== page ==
The Alchemist

I'm extremely excited to talk about this novel. Paulo Coelho's The Alchemist is one of those books everyone hears about, and maybe some of us have actually read: like War & Peace. I know most people just adore it, while others can't understand why people adore it. I'm with fans on this one, but for my own personal reasons. I believe this book is most impactful to it's readers when it comes at just the right time, somewhat like the story. The story is very simple. There's not much "flower" in the prose, it's blunt and frank. It says what it's got to say, and it doesn't run on and on talking about how magnificent mud puddles are. And I know how some of you hate that sort of thing.
It reminds me very, very, very, very much of Le Petit Prince in many ways. Because it's just a simple parable, it teaches a lesson, and it's an important one at that. That's what makes this book so important. Everyone must read this book. I recommend it as a gift to anyone recently graduated, or someone who is trying to find their purpose in their life. I only graduated a month ago, after experiencing a rather sudden, surprising break-up.
Needless to say, this is a book I needed to read, and right away. But I'd had the book for over a year before I picked it up - last Christmas, my "Identical Cousin" gave me a copy of my own after she finished it. Neither she or I would know at the time how important this book would be for me to read... later. Because, let's be real here, if I would have read it immediately after it was given to me, I would have been like everyone else who read it and didn't like it. I would have been irritated with the simple language, I would would have barely been able to appreciate the point of the story, I would have read it in a breeze and then put it aside and said "now what?" For some reason (also understand when I did eventually pick it up to read, I didn't know what it was really about. I didn't even have the focus or energy to read it, I just grabbed it and started reading) I read it now, while I was halfway through reading 3 other books and had no intention to start another until the rest were done.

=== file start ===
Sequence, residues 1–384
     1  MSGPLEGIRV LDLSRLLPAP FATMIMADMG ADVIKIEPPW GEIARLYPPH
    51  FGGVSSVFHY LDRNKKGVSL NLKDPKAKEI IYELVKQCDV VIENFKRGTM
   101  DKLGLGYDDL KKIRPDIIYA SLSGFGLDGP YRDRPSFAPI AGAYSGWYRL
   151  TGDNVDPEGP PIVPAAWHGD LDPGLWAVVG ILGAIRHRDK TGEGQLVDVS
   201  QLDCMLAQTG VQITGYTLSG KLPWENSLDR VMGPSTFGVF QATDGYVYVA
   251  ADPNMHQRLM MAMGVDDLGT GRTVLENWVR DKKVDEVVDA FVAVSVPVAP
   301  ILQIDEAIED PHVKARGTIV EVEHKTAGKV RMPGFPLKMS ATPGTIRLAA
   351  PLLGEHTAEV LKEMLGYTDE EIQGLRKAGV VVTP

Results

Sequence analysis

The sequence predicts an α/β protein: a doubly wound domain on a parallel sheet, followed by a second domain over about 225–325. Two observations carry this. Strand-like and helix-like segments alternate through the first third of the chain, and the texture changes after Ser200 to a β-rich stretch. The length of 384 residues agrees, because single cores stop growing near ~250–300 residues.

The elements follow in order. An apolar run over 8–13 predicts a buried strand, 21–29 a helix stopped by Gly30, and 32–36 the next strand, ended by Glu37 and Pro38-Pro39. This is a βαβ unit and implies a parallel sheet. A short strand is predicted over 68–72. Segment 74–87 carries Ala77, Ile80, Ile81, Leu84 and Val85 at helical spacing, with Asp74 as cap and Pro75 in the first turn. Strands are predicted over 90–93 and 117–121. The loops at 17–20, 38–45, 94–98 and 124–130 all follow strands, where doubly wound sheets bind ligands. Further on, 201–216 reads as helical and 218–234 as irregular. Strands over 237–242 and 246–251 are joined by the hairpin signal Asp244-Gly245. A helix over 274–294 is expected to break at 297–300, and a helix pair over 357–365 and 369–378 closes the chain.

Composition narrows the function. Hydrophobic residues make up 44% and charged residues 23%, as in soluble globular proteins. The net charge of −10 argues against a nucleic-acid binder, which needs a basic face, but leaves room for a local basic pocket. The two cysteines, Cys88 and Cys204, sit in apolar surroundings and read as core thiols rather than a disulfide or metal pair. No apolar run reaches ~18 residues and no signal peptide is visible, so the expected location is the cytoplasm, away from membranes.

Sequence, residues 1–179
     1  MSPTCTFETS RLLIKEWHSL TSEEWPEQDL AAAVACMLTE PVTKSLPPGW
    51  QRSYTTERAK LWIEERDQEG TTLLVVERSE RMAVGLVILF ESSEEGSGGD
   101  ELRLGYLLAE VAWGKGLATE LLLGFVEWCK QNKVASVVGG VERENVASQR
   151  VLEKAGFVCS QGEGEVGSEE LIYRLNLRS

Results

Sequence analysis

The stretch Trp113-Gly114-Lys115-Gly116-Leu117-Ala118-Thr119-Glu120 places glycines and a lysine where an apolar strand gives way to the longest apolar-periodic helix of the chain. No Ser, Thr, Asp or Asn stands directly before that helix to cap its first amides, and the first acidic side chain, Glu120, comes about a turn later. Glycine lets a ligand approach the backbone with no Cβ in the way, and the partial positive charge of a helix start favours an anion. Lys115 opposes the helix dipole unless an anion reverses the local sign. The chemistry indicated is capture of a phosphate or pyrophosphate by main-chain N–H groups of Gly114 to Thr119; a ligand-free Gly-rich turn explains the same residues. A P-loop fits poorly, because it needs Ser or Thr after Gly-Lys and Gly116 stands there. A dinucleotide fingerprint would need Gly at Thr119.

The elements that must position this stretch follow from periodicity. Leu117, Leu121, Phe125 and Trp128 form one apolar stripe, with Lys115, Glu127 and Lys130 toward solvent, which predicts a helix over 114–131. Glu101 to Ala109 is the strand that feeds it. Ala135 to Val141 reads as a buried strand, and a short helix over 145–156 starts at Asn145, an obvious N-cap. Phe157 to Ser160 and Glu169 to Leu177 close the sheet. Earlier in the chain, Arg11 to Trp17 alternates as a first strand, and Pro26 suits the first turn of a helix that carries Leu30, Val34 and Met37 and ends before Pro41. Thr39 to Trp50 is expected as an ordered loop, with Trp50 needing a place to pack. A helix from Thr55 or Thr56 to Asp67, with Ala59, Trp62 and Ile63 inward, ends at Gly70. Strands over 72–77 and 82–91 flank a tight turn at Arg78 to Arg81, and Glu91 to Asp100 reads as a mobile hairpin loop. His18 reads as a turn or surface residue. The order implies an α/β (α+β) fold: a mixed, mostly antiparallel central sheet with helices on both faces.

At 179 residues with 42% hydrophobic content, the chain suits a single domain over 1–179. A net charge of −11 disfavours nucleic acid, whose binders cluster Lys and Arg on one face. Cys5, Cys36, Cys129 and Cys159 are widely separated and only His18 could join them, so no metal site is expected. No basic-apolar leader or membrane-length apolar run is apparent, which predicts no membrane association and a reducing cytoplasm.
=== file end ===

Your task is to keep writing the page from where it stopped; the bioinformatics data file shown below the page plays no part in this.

I think this is a very important book. I intend to share it with as many people as I possibly can. Not all of them will appreciate it, at that is a shame. I can't talk about this book, however, without also talking about how it relates to my personal life - some books are just like that.
For instance, I mentioned reading this book after a separation - page 38:
"But now I'm sad and alone. I'm going to become bitter and distrustful of people because one person betrayed me. I'm going to hate those who have found their treasure because I never found mine. And I am going to hold on to what little I have, because I'm too insignificant to conquer the world."
Wow. Bam! That quote sums up the painful thoughts I'd been futilely trying to push back for the past few weeks. So I found myself in a place where someone I trusted hurt me - I felt stupid for allowing it to happen. I felt angry for them doing it to me. But The Alchemist is 160 pages long, and this was only page 38, and literature mimics life, so that must mean.... this isn't the end. Better things are on their way.
Another good quote? Page 58:
"A blessing ignored becomes a curse."
Who can't relate to that? Speaking as a first generation college student who majored in - get this - visual arts, I can see what it means to be born with a gift for something and to be discouraged from using it. See what I mean about this book being really important to read?

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